RE: Re: Re: Why does knife sometime decide to bomb out?


#1

If you do some like this, you’ll be victim of some attacks like man in the middle, etc.
I’m sorry for my english =)

----- Mensaje original -----
De: Peter Norton pn+chef-list@knewton.com
Enviado: martes, 17 de abril de 2012 2:22
Para: chef@lists.opscode.com
Asunto: [chef] Re: Re: Why does knife sometime decide to bomb out?

How is that disabled? I find that especially when dealing with ec2 instances this is a huge nuisance. Disabling strict host key checking in general (per http://help.opscode.com/discussions/problems/116-knife-doesnt-handle-host-key-conflicts) seems to miss how there are two use cases. In one, in general, I don’t want ssh to ssh into a host whose host key has changed. However with knife I am sure that amazon has given me an address and I should just ignore any host key conflicts and bootstrap.

It seems that even if the option can’t be manipulated directly in the Net::SSH API (I’m not sure if it can or can’t) it’d be nice to be able to default it to having the known_hosts file = /dev/null when using knife, e.g. per http://net-ssh.github.com/ssh/v2/api/classes/Net/SSH/Config.html.

-Peter

On Tue, Apr 17, 2012 at 1:11 AM, Daniel DeLeo dan@kallistec.com wrote:

On Monday, April 16, 2012 at 9:22 PM, David Montgomery wrote:

Hi,

Per the below…this happens about 10% of the time. Why does this
happen? This just happened three times in a row.

ubuntu@ubuntu:~/.chef$ knife ec2 server create -r
"role[monitor_server]" -E development --region ap-southeast-1 -Z
ap-southeast-1a -I ami-c4622596 --flavor m1.medium -G nginx -x ubuntu
-S sg_development -i /home/ubuntu/.ec2/sg_development.pem
Instance ID: i-ba8a5dee
Flavor: m1.medium

[No se incluye el mensaje original completo]


#2

There is no difference at all when bootstrapping on a cloud provider e.g.
AWS. You need to not have a host key in known_hosts to bootstrap the
server since conflicts will kill the bootstrap. If there is a MITM at this
point in the process, then it’s their public key that’s being stored
whether or not you use host key checking.

-Peter

On Thu, Apr 19, 2012 at 10:20 AM, Lucho luislopez72@gmail.com wrote:

If you do some like this, you’ll be victim of some attacks like man in the
middle, etc.
I’m sorry for my english =)


De: Peter Norton pn+chef-list@knewton.com
Enviado: martes, 17 de abril de 2012 2:22
Para: chef@lists.opscode.com
Asunto: [chef] Re: Re: Why does knife sometime decide to bomb out?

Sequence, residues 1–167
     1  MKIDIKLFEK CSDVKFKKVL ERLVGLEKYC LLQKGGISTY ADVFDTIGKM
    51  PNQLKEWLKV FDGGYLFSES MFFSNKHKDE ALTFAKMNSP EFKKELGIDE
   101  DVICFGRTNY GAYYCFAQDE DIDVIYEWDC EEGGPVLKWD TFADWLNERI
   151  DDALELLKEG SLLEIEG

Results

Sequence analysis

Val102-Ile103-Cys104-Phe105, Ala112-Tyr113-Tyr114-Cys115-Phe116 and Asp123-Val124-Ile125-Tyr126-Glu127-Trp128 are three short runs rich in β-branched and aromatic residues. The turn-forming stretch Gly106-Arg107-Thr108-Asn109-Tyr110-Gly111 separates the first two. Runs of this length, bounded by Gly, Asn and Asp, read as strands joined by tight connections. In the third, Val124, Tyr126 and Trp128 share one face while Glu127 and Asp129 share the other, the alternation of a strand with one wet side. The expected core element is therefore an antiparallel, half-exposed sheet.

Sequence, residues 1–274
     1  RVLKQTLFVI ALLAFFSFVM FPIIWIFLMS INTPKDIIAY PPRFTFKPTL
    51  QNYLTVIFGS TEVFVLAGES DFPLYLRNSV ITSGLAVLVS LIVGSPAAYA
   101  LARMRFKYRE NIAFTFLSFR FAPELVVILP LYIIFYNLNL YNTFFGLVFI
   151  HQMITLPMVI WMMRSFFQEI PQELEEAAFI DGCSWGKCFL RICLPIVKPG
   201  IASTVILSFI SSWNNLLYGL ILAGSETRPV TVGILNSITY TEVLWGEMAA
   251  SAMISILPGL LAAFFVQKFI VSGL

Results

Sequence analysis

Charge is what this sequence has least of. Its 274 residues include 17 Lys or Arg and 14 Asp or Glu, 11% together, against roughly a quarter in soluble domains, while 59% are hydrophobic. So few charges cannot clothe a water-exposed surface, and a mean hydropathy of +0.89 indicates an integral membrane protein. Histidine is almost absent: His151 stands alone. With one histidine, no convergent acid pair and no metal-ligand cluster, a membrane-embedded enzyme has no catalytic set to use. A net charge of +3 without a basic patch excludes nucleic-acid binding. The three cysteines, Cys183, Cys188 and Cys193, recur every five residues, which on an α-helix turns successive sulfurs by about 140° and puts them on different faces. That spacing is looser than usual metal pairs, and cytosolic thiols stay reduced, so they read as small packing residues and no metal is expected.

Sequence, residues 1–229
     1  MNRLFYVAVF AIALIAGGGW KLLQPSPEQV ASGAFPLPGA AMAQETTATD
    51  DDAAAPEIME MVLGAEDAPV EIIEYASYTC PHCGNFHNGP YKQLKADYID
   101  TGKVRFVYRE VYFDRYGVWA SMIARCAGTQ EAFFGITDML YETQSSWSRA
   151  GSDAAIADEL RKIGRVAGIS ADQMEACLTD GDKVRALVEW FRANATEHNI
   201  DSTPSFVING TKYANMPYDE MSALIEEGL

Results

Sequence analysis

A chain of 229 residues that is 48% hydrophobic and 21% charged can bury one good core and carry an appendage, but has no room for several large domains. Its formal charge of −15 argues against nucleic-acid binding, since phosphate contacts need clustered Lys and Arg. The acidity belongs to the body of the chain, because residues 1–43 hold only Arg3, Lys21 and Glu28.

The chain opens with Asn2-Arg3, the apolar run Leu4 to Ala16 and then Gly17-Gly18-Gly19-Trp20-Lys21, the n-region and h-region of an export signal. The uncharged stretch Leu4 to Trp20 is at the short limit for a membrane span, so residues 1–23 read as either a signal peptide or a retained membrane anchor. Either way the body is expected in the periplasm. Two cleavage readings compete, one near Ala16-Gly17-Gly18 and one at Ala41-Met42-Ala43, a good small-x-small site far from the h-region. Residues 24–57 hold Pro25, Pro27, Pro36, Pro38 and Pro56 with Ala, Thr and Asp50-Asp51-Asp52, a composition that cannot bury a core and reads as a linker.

How is that disabled? I find that especially when dealing with ec2
instances this is a huge nuisance. Disabling strict host key checking in
general (per
http://help.opscode.com/discussions/problems/116-knife-doesnt-handle-host-key-conflicts)
seems to miss how there are two use cases. In one, in general, I don’t
want ssh to ssh into a host whose host key has changed. However with knife
I am sure that amazon has given me an address and I should just ignore any
host key conflicts and bootstrap.

It seems that even if the option can’t be manipulated directly in the
Net::SSH API (I’m not sure if it can or can’t) it’d be nice to be able to
default it to having the known_hosts file = /dev/null when using knife,
e.g. per http://net-ssh.github.com/ssh/v2/api/classes/Net/SSH/Config.html.

-Peter

On Tue, Apr 17, 2012 at 1:11 AM, Daniel DeLeo dan@kallistec.com wrote:

On Monday, April 16, 2012 at 9:22 PM, David Montgomery wrote:

Hi,

Per the below…this happens about 10% of the time. Why does this

happen? This just happened three times in a row.

ubuntu@ubuntu:~/.chef$ knife ec2 server create -r
"role[monitor_server]" -E development --region ap-southeast-1 -Z
ap-southeast-1a -I ami-c4622596 --flavor m1.medium -G nginx -x ubuntu
-S sg_development -i /home/ubuntu/.ec2/sg_development.pem
Instance ID: i-ba8a5dee
Flavor: m1.medium

[No se incluye el mensaje original completo]


#3

On Apr 19, 2012, at 10:20 AM, Peter Norton wrote:

There is no difference at all when bootstrapping on a cloud provider e.g. AWS. You need to not have a host key in known_hosts to bootstrap the server since conflicts will kill the bootstrap. If there is a MITM at this point in the process, then it’s their public key that’s being stored whether or not you use host key checking.

Note that all providers will recycle old IP addresses. So, if you create and destroy enough nodes, you can be guaranteed that sooner or later you will run into a new node that has been assigned the IP address of a node you used to have a while back. The more nodes you create & destroy, the more likely that will happen sooner rather than later.

The best solution here is that when you destroy an old node, you purge all references to it, everywhere. In addition to deleting the node, you also delete the corresponding client that Chef created, you delete all references to the ssh keys for that node, you use the provider-specific plugins to make sure that the system is actually gone as opposed to simply making it unmanaged by Chef, you need to delete all entries related to that node from your DNS, etc…

IMO, there needs to be a better solution to this problem so that you can purge all references to any given node(s) with a single command. But we’re not there yet.


Brad Knowles bknowles@ihiji.com
SAGE Level IV, Chef Level 0.0.1